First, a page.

Not many people study Christmas lights. Most people pull the lights out of the closet or attic sometime around Thanksgiving, hang them on the Christmas tree, or drape them over some bushes, and then take them down after New Years. If you are thinking about replacing those old incandescent lights this year with energy-efficient LED string lights you may be surprised at all the options available. There are differences between the options, and it is good to know a little about the choices available before you go shopping.
“Piglet noticed that even though he had a very small heart, it could hold a rather large amount of gratitude.”
— A.A. Milne, Winnie-the-Pooh
Conversion is not the smooth, easy-going process some seem to think – John Bunyan
Only the wisest and stupidest never change. Confucius
Changes are difficult, even ones that are helpful. Ever keep walking around a needed change, circling it, yet never stepping down that path?
Many people have heard about the benefits of changing to LED Christmas lighting. Some aren’t convinced there’s a need. Others are convinced, but the change seems overwhelming, especially with all the expense and busyness that’s already part of the holiday. But especially for townships, municipalities, businesses, or individuals with large holiday light displays, it may be time for conversion.
Here are some reasons to consider making the change.
Remember those riddles from math class?
“What digit is the most frequent between the numbers 1 and 1,000 (inclusive)? Don’t solve this riddle by doing all of the math; rather try to figure out a pattern.”
“A merchant can place 8 large boxes or 10 small boxes into a carton for shipping. In one shipment, he sent a total of 96 boxes. If there are more large boxes than small boxes, how many cartons did he ship?”
And there are also math tricks. “Think of any number. Double the number. Add 9 to the result. Subtract 3 from that. Divide by 2. Subtract that number from the first number you started with. Your answer is 3.” (Really, it is 3.)
“Doing nothing is respectable at tea.” —Saying quoted in Sasaki Sanmi, Sadô Sajiki
The holiday pre-season is here—the perfect time to pause for tea, and “do nothing” for a short while. Many individuals plan an annual holiday tea party with friends before the rush of the season takes over. A number of restaurants and inns offer holiday tea time once a week during the busy season. Whether you’re an individual that loves the tea tradition or the owner of a restaurant, this could become a favorite event to host. You simply need to choose a theme, know your teas, select edibles, and decorate for the event.
How would you like to bundle a few of your favorite things together in one holiday experience? Spectacular lights, sleigh rides, Santa visits, holiday music, great food, ice skating, shopping, parades, and fireworks. Festivals of Lights pull together many joys of the season into one well-orchestrated, amplified experience. Though the festivals have their origins in diverse cultural celebrations, they have morphed into extravagant, new celebrations to welcome the holidays. In France, there is the Fetes des Lumieres; in Ontario, there is the Festival of Northern Lights. Berlin’s Festival of Lights lasts 12 nights starting in October, and London’s lasts 6 weeks. Now, a growing number of cities in the U.S. have spectacular Festivals of Lights as well.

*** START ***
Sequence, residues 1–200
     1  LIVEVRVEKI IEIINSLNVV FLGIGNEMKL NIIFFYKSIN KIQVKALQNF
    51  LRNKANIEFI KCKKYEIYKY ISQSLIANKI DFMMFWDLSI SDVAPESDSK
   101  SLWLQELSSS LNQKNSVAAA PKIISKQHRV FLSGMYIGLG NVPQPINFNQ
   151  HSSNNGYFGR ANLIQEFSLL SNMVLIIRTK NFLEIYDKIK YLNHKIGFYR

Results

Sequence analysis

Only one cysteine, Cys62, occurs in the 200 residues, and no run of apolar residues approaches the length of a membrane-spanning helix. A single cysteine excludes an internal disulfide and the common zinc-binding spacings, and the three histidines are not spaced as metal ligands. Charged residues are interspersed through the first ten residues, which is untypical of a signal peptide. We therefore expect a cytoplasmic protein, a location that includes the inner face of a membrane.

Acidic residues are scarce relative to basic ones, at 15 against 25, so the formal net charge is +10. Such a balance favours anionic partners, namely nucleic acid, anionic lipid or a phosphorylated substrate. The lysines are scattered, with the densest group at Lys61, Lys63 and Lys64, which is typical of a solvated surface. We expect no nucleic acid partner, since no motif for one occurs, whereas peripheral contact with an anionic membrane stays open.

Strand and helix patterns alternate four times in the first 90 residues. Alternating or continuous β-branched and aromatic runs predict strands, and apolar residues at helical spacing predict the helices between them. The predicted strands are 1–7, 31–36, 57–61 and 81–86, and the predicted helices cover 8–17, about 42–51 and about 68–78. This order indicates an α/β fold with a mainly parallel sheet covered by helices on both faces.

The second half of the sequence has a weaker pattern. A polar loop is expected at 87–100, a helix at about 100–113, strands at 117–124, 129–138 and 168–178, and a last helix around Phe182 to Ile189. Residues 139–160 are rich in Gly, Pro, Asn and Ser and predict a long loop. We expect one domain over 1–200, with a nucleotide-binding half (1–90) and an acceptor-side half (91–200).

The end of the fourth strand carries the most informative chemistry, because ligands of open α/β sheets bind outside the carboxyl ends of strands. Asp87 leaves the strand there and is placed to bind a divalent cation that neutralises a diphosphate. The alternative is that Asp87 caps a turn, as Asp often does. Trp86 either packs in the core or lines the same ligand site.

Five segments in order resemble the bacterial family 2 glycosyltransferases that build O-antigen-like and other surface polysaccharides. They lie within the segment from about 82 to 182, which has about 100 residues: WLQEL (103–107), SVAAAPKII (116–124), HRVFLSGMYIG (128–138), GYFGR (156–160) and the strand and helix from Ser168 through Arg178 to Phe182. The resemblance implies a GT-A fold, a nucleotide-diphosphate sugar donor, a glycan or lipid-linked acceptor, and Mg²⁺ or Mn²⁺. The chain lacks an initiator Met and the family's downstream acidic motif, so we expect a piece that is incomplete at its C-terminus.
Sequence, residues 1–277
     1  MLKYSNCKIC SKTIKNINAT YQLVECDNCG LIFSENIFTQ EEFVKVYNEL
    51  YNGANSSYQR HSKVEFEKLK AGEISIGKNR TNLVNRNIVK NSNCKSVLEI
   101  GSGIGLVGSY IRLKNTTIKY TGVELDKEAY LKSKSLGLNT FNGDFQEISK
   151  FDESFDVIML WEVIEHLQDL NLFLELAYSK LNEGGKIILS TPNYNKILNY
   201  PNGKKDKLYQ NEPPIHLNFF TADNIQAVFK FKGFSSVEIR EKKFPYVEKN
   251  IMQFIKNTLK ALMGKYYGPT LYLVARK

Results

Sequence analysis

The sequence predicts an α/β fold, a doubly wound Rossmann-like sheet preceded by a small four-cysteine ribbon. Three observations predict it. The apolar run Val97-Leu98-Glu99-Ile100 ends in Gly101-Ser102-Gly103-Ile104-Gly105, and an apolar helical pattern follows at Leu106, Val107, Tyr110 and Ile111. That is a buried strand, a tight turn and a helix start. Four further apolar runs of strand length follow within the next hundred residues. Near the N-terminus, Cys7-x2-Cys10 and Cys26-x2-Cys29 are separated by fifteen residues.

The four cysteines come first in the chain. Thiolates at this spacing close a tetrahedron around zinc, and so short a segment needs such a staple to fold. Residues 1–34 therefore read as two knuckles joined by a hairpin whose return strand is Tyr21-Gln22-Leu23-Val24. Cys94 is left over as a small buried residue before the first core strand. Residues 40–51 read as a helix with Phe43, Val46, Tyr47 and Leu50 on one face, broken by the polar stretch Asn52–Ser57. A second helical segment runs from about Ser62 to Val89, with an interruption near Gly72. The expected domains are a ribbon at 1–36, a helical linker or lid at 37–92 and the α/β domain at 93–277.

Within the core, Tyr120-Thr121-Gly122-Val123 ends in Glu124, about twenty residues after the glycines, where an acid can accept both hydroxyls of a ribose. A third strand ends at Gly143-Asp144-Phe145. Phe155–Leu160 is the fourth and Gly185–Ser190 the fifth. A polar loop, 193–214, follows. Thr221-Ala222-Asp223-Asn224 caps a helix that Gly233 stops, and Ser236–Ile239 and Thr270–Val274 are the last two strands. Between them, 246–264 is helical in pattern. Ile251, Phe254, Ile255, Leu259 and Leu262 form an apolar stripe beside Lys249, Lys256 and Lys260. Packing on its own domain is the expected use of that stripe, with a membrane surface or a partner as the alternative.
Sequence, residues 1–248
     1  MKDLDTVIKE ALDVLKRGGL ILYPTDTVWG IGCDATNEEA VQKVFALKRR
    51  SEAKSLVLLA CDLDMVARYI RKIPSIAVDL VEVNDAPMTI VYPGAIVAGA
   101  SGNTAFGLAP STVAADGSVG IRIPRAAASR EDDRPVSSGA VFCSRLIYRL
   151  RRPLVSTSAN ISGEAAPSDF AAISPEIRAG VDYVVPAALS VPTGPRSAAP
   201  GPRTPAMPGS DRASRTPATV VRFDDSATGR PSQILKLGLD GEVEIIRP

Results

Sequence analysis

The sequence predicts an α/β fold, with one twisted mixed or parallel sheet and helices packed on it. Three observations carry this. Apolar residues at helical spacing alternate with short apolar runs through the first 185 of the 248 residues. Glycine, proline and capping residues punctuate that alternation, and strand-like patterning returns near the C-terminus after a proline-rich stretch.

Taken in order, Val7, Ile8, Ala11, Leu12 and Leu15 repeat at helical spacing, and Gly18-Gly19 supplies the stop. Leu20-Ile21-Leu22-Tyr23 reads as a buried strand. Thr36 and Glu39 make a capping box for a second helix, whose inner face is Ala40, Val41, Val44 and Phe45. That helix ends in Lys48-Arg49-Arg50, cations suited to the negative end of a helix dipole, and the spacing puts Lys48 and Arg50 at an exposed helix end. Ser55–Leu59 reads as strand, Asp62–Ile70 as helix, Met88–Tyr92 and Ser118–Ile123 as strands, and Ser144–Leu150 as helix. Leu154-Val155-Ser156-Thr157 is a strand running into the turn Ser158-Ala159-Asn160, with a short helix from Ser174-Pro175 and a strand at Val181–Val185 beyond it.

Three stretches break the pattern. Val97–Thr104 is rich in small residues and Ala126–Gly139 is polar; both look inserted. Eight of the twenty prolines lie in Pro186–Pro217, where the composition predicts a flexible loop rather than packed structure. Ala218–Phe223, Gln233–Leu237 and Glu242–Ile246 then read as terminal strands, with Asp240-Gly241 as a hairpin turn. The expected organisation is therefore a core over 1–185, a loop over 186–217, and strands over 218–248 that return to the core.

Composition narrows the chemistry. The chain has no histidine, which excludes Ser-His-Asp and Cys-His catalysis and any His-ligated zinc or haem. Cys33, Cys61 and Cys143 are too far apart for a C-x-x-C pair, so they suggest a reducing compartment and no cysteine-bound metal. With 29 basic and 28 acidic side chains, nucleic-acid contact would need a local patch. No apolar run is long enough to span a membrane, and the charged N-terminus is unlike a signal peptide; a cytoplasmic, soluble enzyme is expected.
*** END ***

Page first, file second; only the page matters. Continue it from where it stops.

“Heroes are made by the paths they choose, not the powers they are graced with.”
—Brodi Ashton, Everneath
You remember learning about the color spectrum years ago in Physical Science 101? Do you also have a dim memory of some guy named “Kelvin”? Before you purchase or add to your Christmas light collection this season, you may want to refresh what you learned about color spectrum, Kelvin, and temperature. If you don’t, you may end up with white lights that are different shades of white and don’t match.
For the first time, a new poll shows that a majority of Americans are aware that the traditional incandescent light bulb (that you would screw into a light socket) is being phased out, in favor of more energy efficient choices. But people are still confused about what’s covered, and some still think the federal government has “banned” the incandescent light bulb. (For the record, it hasn’t. The Energy Independence and Security Act of 2007 passed under President George W. Bush simply sets higher efficiency standards that the older bulbs can’t meet.)